Sixteen-year-old Wejnert inflicted Dokić's only defeat of the play-off tournament earlier in the week when she upset the former World No.4.

Dokić, who said she was anxious to atone for her slip-up in the event, said the key to her two unfussed wins in the past two days was her decision not to rush her game.

"I was taking too many risks considering that I haven't played matches in the last two or three months," she said.

"So I tried to get that under control and get my timing together.

"I'm still not playing to my maximum, and I'm trying to get there slowly.

"I was trying to do it too fast and too soon in the first two matches, and was just making some unnecessary errors.

"After my loss [to Wejnert] in the round robin, I was really disappointed.

"I had really tried to focus a lot more, and that was a careless performance and shouldn't have happened, so maybe it was good for me in a way.

"I would like to play her again; I think it would be a good test for me.

"I was actually up in that match, even considering I didn't play that well so that's why I was disappointed that I lost, and really lost my concentration at the end.

"But in a way it helped me; I've really put up my level in the last three days."

Dokić said were she to win the wildcard play-off, she would go into her first round in next month's Australian Open on a high.

"If I can win here, it would be a huge step for me, just considering the confidence that you gain."
<<<

-------------------------
Wild-card play-off: Final (Sunday 21st December 2008)
-------------------------

+ Jelena Dokić [EF] d. Monika Wejnert, 6-7(3) 7-5 6-3

First set:
DOKIĆ ___* * *@* *_ 6(3)
WEJNE *@* * *___* T 7(7) (Wejnert had 3 SPs at *5-3)

Second set:
DOKIĆ _@ @*__@* *@ 7
WEJNE @ @__*@__*__ 5

Third set:
DOKIĆ *@___@*@* 6
WEJNE __@*@____ 3

DOKIC FIGHTBACK EARNS WILD-CARD SPOT [Teletext 495->496] (Sunday 21st December 2008)
>>>
Dokić earns wild-card spot [Teletext 496]

Jelena Dokić secured a wild-card place in the Australian Open after coming from behind to beat Monika Wejnert.

Wejnert, 16, won the opening set on a tiebreak at Melbourne Park, but Dokić hit back from a break down in the second to win 6-7 (3/7) 7-5 6-3.

She said: "I think the nerves set the whole match for me today, and straight away from the beginning, they were there and didn't let go until the third set."
<<<

Dokić wins wild card at Australian Open (AP)
>>>
Former Wimbledon semi-finalist Jelena Dokić won a wild-card spot at next month's Australian Open by beating Monika Wejnert 6-7(3) 7-5 6-3 in a play-off on Sunday.

The 25-year-old Dokić - a former No.4 in 2002 - fell behind 0-3 in the opening set, but recovered for the win in a play-off organised by Tennis Australia to allocate the spots for local players.

She will now attempt to qualify for tune-up tournaments in Brisbane and Hobart before taking her place in the main draw at Melbourne Park beginning on 19th January.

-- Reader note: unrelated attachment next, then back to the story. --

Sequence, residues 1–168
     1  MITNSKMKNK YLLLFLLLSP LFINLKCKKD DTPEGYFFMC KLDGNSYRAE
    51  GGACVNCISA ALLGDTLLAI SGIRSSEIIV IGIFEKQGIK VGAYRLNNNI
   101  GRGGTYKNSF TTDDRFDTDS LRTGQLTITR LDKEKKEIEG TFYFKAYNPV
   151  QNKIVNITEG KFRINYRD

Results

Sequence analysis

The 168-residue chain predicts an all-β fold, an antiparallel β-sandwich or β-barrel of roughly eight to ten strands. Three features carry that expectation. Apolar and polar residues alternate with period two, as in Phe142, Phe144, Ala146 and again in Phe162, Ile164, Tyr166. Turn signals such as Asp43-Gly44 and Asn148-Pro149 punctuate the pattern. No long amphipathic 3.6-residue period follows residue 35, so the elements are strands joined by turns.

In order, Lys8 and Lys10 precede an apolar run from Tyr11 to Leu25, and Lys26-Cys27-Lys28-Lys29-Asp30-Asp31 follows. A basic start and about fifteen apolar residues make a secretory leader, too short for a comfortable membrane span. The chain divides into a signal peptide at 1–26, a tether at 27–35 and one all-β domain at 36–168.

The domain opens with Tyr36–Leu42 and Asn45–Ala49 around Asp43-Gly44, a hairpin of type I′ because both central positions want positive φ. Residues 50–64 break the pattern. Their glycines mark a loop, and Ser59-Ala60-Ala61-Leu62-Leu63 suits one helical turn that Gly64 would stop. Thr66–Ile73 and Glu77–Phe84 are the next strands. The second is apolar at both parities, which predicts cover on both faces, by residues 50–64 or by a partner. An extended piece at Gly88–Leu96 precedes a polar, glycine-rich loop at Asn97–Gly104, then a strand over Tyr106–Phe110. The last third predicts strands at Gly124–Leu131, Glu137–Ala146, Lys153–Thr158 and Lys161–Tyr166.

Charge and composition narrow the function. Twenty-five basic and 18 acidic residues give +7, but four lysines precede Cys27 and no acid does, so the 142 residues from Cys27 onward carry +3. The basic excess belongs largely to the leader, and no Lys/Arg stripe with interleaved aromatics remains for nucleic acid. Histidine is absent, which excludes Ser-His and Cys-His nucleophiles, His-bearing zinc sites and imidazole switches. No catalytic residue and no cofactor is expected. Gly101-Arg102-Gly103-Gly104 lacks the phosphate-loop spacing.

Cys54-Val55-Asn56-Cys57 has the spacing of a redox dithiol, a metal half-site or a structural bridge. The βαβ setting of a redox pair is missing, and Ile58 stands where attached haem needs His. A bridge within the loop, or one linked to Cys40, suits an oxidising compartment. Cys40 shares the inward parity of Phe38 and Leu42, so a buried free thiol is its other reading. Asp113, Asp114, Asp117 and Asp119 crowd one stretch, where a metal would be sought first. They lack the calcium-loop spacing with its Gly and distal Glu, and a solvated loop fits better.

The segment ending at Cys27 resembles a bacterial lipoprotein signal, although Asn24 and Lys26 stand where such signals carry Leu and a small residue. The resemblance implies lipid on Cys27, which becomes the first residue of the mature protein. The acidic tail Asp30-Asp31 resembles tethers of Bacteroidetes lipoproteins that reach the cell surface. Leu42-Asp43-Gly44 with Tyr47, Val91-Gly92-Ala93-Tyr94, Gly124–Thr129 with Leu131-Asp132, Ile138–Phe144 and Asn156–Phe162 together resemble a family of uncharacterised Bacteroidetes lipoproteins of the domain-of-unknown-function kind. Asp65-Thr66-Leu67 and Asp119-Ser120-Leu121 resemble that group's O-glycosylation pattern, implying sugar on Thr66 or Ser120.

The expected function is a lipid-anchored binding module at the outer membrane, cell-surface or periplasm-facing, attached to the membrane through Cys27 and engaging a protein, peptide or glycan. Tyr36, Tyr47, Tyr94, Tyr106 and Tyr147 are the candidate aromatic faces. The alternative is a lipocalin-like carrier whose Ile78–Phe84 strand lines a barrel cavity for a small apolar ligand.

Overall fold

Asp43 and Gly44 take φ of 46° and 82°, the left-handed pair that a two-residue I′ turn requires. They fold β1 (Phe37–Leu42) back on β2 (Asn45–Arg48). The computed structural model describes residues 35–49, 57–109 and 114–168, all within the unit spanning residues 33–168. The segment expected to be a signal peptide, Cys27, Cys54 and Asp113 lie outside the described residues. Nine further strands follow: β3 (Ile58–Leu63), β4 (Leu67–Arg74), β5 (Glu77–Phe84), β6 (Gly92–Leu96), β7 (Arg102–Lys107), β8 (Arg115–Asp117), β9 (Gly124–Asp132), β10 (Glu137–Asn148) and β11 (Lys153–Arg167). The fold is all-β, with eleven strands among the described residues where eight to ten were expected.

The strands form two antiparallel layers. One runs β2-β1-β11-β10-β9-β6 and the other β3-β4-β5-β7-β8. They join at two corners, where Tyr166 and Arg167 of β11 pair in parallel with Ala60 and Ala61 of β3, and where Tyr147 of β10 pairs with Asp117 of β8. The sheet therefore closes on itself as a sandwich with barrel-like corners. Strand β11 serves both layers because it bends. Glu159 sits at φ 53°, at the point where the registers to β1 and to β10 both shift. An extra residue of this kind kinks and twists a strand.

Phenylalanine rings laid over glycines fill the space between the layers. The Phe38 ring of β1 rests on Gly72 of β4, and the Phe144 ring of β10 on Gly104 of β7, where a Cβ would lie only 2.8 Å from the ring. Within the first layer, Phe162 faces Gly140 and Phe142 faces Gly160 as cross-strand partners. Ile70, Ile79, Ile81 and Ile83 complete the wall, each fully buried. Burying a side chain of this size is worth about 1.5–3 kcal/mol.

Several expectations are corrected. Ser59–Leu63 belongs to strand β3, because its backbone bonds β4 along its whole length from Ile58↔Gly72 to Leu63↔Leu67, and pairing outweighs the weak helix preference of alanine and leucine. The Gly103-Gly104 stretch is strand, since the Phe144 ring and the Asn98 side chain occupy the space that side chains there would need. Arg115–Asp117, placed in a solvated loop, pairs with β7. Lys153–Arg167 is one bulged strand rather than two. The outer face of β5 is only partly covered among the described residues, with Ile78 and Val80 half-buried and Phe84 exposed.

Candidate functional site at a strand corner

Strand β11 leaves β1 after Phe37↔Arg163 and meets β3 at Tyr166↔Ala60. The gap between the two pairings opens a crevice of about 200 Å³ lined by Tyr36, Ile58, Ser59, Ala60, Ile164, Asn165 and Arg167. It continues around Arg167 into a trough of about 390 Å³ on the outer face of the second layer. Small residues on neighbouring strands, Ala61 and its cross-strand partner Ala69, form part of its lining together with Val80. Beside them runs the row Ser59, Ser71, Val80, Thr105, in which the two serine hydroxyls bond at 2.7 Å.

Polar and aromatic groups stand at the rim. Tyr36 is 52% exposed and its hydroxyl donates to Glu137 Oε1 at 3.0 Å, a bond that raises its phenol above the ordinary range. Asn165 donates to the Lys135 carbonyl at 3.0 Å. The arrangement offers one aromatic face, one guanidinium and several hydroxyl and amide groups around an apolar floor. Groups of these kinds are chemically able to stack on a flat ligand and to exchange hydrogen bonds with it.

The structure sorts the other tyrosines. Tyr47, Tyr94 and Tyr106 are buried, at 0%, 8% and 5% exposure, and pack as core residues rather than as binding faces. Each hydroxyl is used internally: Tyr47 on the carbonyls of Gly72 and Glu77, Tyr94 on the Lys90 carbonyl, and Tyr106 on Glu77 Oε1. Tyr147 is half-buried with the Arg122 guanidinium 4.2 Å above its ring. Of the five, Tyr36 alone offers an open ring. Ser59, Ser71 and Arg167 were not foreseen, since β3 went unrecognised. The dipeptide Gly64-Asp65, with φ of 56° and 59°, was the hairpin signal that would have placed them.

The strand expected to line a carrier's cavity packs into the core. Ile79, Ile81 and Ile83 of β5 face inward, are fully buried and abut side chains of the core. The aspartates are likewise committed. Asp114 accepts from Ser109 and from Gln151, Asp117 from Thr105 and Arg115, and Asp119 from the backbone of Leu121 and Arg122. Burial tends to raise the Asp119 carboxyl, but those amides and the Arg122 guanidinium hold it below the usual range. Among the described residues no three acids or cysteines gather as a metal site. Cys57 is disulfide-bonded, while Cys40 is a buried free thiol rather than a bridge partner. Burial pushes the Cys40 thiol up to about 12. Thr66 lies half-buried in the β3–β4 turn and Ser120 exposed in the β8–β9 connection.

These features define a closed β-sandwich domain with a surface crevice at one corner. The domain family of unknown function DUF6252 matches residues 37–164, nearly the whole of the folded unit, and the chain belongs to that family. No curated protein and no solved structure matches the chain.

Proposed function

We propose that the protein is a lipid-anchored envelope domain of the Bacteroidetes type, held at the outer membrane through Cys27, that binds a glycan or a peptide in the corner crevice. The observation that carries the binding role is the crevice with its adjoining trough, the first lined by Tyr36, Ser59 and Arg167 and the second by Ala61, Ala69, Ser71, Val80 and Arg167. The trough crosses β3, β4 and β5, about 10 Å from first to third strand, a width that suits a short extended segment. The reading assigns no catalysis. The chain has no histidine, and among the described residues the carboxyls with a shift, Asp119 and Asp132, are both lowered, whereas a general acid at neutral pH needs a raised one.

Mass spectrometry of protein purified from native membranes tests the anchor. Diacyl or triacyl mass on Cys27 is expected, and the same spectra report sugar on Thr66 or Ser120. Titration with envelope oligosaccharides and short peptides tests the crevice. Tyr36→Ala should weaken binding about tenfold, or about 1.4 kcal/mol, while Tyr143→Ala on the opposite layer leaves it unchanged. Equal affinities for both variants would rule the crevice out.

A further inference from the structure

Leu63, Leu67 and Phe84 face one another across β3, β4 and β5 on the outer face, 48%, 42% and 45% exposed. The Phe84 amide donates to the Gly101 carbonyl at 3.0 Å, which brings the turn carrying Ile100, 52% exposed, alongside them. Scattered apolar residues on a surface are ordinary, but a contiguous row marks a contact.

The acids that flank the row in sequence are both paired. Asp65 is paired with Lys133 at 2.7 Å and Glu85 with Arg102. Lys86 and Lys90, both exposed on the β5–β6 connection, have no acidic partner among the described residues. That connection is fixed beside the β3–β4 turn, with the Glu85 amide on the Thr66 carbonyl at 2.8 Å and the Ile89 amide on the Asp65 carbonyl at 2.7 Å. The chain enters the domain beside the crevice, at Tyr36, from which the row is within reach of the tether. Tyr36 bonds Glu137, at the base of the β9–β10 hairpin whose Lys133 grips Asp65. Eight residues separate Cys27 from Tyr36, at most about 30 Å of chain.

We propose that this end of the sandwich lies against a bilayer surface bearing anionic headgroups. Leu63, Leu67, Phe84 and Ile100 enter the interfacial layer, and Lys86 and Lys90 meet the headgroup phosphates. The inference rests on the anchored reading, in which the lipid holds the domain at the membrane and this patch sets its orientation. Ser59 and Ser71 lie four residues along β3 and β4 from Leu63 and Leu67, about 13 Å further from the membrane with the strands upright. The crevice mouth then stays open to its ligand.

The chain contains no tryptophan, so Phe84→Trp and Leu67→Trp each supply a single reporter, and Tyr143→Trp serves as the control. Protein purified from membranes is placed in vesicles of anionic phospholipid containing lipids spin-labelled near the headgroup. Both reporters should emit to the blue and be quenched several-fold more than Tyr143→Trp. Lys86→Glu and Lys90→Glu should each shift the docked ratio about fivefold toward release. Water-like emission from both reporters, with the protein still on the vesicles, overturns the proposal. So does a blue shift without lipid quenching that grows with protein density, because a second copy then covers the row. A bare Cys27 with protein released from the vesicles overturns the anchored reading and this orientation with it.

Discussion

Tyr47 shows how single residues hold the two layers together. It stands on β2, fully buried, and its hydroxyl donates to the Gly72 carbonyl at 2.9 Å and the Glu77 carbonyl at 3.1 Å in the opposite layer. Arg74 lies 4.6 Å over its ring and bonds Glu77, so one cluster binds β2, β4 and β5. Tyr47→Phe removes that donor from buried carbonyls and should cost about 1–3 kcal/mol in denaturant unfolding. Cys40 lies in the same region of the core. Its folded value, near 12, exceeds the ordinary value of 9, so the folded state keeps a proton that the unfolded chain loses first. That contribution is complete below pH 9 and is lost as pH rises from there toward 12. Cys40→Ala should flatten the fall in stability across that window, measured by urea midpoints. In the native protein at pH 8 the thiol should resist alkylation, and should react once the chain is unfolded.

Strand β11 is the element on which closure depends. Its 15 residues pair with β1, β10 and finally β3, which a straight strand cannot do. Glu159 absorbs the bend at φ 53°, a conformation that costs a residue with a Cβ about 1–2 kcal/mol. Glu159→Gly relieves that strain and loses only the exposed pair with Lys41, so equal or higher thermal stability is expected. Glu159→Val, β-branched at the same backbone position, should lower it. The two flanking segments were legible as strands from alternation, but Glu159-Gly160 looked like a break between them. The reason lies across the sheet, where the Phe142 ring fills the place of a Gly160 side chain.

"I don't have to worry about the Australian Open now," Dokić said. "I came into here wanting to play qualifying, but to be in the main draw gives me two tournaments before the Open to play."

A series of injuries and personal problems - many of them involving her father Damir - accompanied Dokić's ranking plummet to #617 in 2006.

But she won three ITF titles this year, and has improved her ranking to #179: her first time inside the top 200 in four years.

Dokić moved to Australia with her family in 1994, but renounced her former home in 2001, and took up citizenship in her native Serbia. She decided to play again for Australia in 2006.

She was a semi-finalist at Wimbledon in 2000, losing in straight sets to Lindsay Davenport, but made bigger headlines there the year before when, as a 16-year-old qualifier, she beat No.1 Martina Hingis in the first round.

Dokić, who has five career WTA singles-titles, said she no longer speaks to her father, who has been kicked out of the US Open, Wimbledon and other tournaments for volatile outbursts. When the family left Australia, Damir Dokić also implied that the Australian Open draw was rigged against his daughter.
<<<

Dokić wins Australian Open wild card
By Rob O'Gorman (www.australianopen.com (http://www.australianopen.com))
>>>
Jelena Dokić has secured a wild card into Australian Open 2009 after beating teenager Monika Wejnert 6-7(3) 7-5 6-3 in the Wildcard Play-off women's final at Melbourne Park today.

The 16-year-old Wejnert showed composure well beyond her years throughout the epic encounter, but ultimately came up short as the more experienced Dokić held sway in the final set.

Dokić, who lost to Wejnert earlier in the week during the round-robin stage, said she felt nervous before the match, and was relieved to come away with the win.

"She came in today with absolutely no pressure; she's played well all week, and she's beaten everybody, so the pressure was on me to beat her today," Dokić said.

"I lost to her in the group, so I really felt nervous going out there, and the conditions were really, really difficult the first two sets, so I'm happy to have come through; but it was not an easy match; it was not a pretty match, but I did what I had to do."

"I think the nerves set the whole match for me today, and straight away from the beginning, they were there and kind of didn't let go until the third set."

In a high-quality affair, Wejnert raced to a 4-1 lead in the opening set, and held three set-points at 5-4 before Dokić broke back to force the set into a tiebreak. Wejnert showed plenty of composure to win the tiebreak 7/3 and claim the first set.

In the second set, Wejnert scored a break of serve to lead 4-3 before Dokić broke straight back to level the set at 4-4.

Wejnert then served a double fault on break-point to hand Dokić the second set 7-5.

In the third set, Dokić saved a break point at 2-3, and then stormed away to take the set 6-3 and secure a main-draw spot in the Australian Open 2009.